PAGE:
The Great Salt Lick: 15 years of Whit Deschner’s creative philanthropy | OHSU Foundation

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It all started when Whit Deschner took a sideways glance at a salt lick.  

“Doesn’t that kinda look like a sculpture?” he asked a friend while sipping wine and gazing at a white block of minerals used to keep livestock healthy with craters and organic shapes licked out of it by a goat. His friend took a long look and hesitantly agreed. 

From there, Deschner got the idea for the Great Salt Lick, an annual art auction in Baker City, Oregon, raising money for Parkinson’s disease research at OHSU. Here’s how it works: Ranchers donate salt licks from their livestock to compete for prizes and be auctioned off. Deschner says goats make the best artists forming intricate work, while cows are more impressionists. Horses? Those are hopeless — Whit says they tend to bite.   

Whit Deschner, founder of the Great Salt Lick Auction in Baker City.

Deschner’s unique way of seeing comes from a place all his own. 

“I think I’ve always looked for the humorous side of things. I think that saved me a lot,” he said. “‘Amazing’ is just a matter of seeing something a little different than everybody else.” 

Since its first year, the Great Salt Lick has grown from a few dozen attendees to a few hundred, some coming from as far away as California. 2023 was the event’s 15th year and Deschner’s last running the auction. At 70, it’s time for him to pass the salt lick on to another group so he may follow his other passions as a photographer, self-identified cowboy poet and all-around troublemaker.  

A lifechanging diagnosis

Deschner didn’t start out as an event planner or even somebody who was into auctions. Deschner first came to eastern Oregon on a camping trip as a child and fell in love. Years later at age 29, he felt the call to move to Sparta, Oregon, from western Washington, where’s he’s built his life on the range for the past 40 years.  

Deschner was diagnosed with Parkinson’s disease in 2000. Time, he says, warps, turns and became central to his life after diagnosis.  

“It can happen fast, or it can happen slow,” Deschner said, referring to the progression of the disease, the perception of time and how he fills it as he reckons with changes to his health and life expectancy. This new focus on time and staying active is part of what drove Deschner to give back.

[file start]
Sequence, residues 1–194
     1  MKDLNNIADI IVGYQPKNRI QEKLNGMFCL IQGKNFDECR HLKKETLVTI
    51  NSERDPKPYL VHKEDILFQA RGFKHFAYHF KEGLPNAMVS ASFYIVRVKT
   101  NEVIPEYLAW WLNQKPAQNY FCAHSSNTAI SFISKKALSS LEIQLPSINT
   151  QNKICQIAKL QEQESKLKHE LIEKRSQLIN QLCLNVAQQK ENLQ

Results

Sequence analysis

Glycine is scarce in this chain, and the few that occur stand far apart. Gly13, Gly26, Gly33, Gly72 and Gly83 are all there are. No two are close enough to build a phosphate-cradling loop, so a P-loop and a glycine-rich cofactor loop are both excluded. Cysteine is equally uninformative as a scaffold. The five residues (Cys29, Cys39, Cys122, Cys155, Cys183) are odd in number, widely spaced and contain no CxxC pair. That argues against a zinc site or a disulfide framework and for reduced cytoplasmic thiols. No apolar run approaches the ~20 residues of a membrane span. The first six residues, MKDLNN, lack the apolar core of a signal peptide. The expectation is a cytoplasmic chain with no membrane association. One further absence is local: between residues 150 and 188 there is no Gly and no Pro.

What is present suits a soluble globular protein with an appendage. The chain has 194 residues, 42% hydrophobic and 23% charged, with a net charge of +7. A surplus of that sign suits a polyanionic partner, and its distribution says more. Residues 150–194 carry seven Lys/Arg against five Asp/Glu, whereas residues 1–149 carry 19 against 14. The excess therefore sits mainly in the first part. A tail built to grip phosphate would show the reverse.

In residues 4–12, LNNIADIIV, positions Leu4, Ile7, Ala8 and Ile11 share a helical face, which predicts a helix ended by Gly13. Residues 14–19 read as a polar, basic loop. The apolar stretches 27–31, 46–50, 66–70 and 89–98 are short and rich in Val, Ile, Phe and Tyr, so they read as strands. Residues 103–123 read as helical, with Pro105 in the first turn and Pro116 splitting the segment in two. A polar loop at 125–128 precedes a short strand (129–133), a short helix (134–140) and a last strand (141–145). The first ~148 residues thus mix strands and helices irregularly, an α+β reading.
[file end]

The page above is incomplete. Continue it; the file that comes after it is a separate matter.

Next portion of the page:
“‘Amazing’ is just a matter of seeing something a little different than everybody else.”

Whit Deschner

Deschner’s friends were skeptical of his auction idea at first, wondering who would want to buy a used salt lick. After the first year, however, his friends were convinced. Every year since, Deschner has welcomed more ranchers and farmers to contribute to the cause, enjoy each other’s company and raise money for vital Parkinson’s disease research. The Great Salt Lick convened a community from a small, dispersed county, bringing people together in the name of Deschner’s values: giving, lightheartedness and fun.  

Deschner’s vision has translated to tangible impact for the Parkinson’s Disease and Movement Disorders Program at the OHSU Brain Institute. Since the first Great Salt Lick, Deschner has raised nearly $200,000 for OHSU.  

“It has been essential to our establishment and our growth over the years, which has been helped with future donations,” said Lisa Mann, RN, B.S.N., M.A., a nurse in the Parkinson’s Disease and Movement Disorders Program. “You start to see success. You expand the programs, and people are drawn to that because they learn who you are and what you do.”  

A lasting legacy  

Deschner has earned quite a name for himself, appearing on NPR, The Oregonian, The Insider and more. 

A video produced by Here is Oregon highlighting this one-of-a-kind fundraiser

In 2014, Deschner received a $5,000 grant from the Ford Family Foundation to install an actual, 4-foot-tall bronze statue of a salt lick in downtown Baker City at the corner of Court Avenue and Resort Street. As such, Baker City has become the salt lick city.  

“I think it has put Baker City on the map in a positive way,” Deschner said. “I’d like to see the cause be synonymous with the town. Wouldn’t it be great if small towns like Baker all took up a cause?” 

Passing on the salt lick  

Deschner hopes this year isn’t the last lick. He’s working with organizations in Baker City to find new hosts to continue the spirit of the auction. His only stipulations are that the Great Salt Lick continues to benefit Parkinson’s disease research and they “keep politics out of it.”  

Deschner plans to spend his time writing poetry and, “enjoying every day, enjoy everything you can while you can.”